By Timothy Cama - 04/28/14 09:42 AM EDT
Carbon dioxide emissions in the coming decades are likely to depend largely on how many coal and nuclear power plants are retired, the Energy Information Administration said.
Accelerating nuclear plant retirements would increase carbon emissions in the next three decades while speeding retirements of coal plants would lower emissions, EIA said Monday. They would partially cancel each other out of both kinds of plants were retired quickly.
Carbon emissions would be 4 percent higher with increased nuclear shutdowns in 2040 when compared with the normal plant retirement cycle. That’s largely because the nuclear capacity — which has no emissions — would be replaced with a 13 percent growth in natural gas power and a 5 percent increase in renewable energy.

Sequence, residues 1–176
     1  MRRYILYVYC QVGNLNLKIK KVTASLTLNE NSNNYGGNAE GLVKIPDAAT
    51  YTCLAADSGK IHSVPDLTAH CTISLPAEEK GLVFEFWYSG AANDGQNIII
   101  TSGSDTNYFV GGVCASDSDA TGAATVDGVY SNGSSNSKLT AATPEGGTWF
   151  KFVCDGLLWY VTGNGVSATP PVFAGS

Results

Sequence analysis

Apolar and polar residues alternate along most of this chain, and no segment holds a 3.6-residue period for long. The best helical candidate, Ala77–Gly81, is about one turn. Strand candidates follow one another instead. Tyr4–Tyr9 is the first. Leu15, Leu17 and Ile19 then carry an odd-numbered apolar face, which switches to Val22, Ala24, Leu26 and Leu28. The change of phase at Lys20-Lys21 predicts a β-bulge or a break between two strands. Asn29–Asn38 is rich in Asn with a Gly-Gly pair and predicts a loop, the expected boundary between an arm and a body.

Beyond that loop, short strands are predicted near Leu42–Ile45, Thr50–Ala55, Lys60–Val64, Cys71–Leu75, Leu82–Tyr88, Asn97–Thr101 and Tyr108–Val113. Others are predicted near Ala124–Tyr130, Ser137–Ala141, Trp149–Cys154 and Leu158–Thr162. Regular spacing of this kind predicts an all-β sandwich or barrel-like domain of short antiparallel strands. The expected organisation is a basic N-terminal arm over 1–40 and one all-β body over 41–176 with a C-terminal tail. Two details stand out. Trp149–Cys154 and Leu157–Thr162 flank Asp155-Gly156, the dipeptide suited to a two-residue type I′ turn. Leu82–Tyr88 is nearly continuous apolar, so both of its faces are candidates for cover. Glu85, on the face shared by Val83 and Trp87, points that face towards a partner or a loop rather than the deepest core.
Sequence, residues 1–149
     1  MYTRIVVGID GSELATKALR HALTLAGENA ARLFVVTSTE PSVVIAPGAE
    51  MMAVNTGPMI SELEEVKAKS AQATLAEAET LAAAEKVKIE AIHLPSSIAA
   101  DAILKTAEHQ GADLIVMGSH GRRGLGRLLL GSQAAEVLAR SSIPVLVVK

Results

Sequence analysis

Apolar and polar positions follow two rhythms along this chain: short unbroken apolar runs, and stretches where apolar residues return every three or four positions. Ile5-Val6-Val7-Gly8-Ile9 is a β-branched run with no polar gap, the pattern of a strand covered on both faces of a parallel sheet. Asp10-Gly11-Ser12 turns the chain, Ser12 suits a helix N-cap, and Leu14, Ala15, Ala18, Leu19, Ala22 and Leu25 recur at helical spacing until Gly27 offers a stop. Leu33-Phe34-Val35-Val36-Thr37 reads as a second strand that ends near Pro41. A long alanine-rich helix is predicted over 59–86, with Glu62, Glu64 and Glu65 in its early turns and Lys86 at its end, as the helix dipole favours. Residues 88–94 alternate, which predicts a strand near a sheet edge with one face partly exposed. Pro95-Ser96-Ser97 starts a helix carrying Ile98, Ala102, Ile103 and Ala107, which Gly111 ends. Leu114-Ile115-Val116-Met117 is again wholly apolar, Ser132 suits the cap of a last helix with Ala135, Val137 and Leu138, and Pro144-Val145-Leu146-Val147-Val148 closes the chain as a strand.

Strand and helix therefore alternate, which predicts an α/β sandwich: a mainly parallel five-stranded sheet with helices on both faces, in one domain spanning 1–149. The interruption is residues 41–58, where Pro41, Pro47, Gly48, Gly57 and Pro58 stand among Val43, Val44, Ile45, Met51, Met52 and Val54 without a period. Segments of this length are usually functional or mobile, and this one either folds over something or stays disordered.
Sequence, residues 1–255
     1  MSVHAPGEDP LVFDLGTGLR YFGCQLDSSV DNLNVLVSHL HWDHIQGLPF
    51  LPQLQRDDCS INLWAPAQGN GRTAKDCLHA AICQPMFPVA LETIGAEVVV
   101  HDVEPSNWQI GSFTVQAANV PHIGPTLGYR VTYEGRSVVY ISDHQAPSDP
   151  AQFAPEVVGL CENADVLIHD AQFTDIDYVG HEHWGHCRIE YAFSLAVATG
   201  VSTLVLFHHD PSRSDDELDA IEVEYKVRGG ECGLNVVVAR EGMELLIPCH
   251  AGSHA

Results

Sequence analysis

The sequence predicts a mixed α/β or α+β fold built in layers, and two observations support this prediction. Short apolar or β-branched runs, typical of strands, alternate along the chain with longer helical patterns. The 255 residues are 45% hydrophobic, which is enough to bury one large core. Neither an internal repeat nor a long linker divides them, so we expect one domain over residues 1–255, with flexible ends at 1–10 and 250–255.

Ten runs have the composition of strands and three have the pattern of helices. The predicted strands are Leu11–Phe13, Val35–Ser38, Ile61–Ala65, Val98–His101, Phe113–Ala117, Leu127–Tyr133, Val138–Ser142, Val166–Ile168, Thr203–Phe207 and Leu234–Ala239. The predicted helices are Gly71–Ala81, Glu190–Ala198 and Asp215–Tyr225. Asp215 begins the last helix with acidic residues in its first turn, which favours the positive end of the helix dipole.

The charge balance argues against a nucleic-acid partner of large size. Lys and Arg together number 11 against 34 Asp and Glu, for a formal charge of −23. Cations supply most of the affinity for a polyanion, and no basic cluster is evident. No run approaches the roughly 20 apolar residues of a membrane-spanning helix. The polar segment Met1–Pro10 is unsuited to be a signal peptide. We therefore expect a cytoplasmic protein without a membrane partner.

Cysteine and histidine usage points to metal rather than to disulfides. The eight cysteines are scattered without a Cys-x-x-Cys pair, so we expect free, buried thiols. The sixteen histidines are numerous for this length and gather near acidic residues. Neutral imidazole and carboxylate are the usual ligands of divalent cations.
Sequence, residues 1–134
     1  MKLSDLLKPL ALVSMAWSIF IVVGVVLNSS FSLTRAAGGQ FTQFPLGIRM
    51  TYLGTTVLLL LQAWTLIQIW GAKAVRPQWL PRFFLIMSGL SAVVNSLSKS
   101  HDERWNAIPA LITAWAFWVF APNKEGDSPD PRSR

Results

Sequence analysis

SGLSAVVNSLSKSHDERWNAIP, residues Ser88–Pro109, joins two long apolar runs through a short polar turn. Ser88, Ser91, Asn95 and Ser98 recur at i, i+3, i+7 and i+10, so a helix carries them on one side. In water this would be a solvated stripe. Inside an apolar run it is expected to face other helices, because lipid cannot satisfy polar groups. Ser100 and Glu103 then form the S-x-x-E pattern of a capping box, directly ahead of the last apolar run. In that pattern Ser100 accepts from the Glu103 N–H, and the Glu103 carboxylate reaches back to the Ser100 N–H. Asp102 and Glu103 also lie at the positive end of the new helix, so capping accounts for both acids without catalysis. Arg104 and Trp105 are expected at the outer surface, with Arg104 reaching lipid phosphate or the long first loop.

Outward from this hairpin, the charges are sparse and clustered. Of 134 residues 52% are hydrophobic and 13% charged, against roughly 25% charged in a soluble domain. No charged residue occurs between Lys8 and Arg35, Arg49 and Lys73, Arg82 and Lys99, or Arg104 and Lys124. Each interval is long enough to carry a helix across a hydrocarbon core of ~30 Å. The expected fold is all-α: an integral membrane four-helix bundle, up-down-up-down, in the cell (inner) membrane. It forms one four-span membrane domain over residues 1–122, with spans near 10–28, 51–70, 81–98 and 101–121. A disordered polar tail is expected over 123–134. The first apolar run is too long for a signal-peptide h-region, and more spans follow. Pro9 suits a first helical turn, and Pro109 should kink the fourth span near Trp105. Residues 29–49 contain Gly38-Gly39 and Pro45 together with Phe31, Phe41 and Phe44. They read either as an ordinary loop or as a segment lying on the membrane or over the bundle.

Natural gas would see a 19 percent increase by 2040 if coal power plants were shut down early, while renewables would grow 10 percent, EIA said. Emissions would drop 20 percent, though, because natural gas emits less than coal.
Emissions fall only 14 percent in EIA’s projection if both coal and nuclear plants were put on an accelerated retirement cycle.